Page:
I have walked through, and prayed in, so many gorgeous Old World churches; churches of the effort and sacrfice and beauty that I long to see built again in America to replace our gymnasium parishes that do nothing to lift the heart to the transcendent reality of God. Before coming to Europe, I thought that in some way the church building itself would be an "answer" to the problems of faith in America. Now that I have witnessed firsthand the unconcern with the faith of their fathers in Europe, in spite of the beautiful churches and rich Church history, I realize that I must leave behind that notion, or at least temper it.

The people of Europe are culturally proud of their churches, and know many theological details about them - and yet, in the end to many of them the entire point of the church and its beauty is lost to them, God is considered irrelevent, or nonexistent entirely. And so, this is one example of the emptiness of the cultural "Holy Saturday" as Benedict has described it.

But - even with this reality of a lack of general faith or hope in God, I have personally witnessed much that has encouraged me and shown me that the future of Christianity in Europe does show some light and life. The many young people and beautiful families I have been fortunate enough to stay with and be hosted by have allowed me to have a personal glimpse of the "Catholic underground" of Europe. They are not underground in the persecuted sense (at least, not yet), they are underground in the sense that they are unknown and ignored by the world. I think that even the Church does not realize the building enthusasiam and zeal for finding the Truth of Christ and the answers that He provides that is developing in the cities of the Old "dead" World. Rome is quietly teeming with youthful groups and communities, who live unnoticed by the global media coverage of Roman fashion and trends (except during the time of JPII's death however). In Cologne, a million young people converged as a joyful witness to the youth of the faith and the Church. In Vienna I found many pockets of revival, of growth in the faith, in spite of a very secularized atmosphere - under the guidance of Cardinal Schonborn I can foresee much future growth in Austria. In France, in Paris, the parishes that I visited were not dead! Daily Masses see the coming of many youthful faces, and there are many movements that are thriving in the city, the Emmanuel Community in particular that I have been a part of.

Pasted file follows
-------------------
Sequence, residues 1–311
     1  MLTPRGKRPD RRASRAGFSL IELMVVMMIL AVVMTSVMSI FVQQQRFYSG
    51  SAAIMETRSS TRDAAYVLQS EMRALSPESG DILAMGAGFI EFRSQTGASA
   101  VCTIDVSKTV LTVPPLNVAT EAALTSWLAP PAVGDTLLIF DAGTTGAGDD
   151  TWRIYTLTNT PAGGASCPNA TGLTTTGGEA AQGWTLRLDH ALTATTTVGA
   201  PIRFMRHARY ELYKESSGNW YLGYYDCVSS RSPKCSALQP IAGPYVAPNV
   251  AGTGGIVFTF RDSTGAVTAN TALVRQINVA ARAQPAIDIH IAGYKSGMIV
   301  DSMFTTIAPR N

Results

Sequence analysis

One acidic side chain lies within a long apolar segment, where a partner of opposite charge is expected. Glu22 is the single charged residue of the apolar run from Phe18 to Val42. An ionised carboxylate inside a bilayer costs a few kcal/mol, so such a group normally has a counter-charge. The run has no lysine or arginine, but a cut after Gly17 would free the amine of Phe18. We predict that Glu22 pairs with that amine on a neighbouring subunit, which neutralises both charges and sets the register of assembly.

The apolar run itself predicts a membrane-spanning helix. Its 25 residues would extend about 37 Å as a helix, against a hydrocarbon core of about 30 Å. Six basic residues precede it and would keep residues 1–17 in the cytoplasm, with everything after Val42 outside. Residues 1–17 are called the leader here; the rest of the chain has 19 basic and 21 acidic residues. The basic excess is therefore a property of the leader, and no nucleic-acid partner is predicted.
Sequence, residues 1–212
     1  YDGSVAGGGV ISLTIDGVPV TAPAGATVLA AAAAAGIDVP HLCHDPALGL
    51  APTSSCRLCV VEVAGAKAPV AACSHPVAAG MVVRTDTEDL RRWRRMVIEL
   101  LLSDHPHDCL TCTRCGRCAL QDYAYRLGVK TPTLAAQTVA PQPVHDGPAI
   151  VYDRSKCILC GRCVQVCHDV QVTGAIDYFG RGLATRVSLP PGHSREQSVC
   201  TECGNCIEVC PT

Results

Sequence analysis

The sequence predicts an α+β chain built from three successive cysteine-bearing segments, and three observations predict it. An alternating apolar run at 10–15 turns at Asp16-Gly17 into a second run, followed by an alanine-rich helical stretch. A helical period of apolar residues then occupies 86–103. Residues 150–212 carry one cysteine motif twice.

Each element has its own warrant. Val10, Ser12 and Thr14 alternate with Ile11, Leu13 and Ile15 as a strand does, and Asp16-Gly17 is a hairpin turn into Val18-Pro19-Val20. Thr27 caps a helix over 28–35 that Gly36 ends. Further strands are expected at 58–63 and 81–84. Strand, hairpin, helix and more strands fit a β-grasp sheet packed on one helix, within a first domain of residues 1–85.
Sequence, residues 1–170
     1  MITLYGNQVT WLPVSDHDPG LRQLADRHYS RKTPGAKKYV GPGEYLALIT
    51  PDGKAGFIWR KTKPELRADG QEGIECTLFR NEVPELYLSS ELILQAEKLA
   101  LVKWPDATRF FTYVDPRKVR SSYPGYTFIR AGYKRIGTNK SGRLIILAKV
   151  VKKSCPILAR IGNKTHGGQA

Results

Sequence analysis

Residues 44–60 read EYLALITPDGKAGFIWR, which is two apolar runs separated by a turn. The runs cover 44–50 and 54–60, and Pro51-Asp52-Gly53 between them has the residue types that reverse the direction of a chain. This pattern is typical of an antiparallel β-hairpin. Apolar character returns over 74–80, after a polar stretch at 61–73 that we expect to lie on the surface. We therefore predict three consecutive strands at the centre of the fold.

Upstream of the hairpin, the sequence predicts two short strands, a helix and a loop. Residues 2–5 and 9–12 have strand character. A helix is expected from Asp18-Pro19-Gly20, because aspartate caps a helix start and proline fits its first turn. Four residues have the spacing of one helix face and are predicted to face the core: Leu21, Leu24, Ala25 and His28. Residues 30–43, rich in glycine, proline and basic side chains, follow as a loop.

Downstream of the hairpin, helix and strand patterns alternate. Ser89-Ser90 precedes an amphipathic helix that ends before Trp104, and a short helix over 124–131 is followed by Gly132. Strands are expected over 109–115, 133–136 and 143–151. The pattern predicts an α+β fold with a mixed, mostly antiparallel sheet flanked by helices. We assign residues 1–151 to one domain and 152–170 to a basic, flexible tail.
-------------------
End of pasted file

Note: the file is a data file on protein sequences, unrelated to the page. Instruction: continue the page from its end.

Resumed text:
In America we love to use the phrase "springtime of the Church", and I do believe that America (at least parts of it) has more buds emerging, more new growth springing up. The ground for evangelization is softer and easier than it is here in Europe I think, because in America fewer people have lost the sense of spirituality entirely - there are far more atheists in enlightened Europe I think. But, there is growth in Europe too! There are new shoots, there are blossoms here too. I have met many wonderful young priests here in Europe, they suffer from vocations crisises here too for obvious reasons, but just like in America, the number of seminarians and newly-ordained priests may be small, but they are REAL vocations. It is the same with the religious orders I have met - just like America, it is the orthodox orders, the habit-wearing orders, that are drawing youthful life and vocations.

Pope Benedict may speak of our era as a time of Holy Saturday, but we must not forget that Holy Saturday ended, and Easter Sunday dawned! The Pope believes that there will be much harder times facing the Church before she becomes stronger. This is true, but even if it is we can still see the light of Easter ahead of us.

Pray for Europe, pray that the saints of Europe may intercede on behalf of their people. Pray also for the many faithful Christians struggling to keep the faith alive in the midst of so much chaff!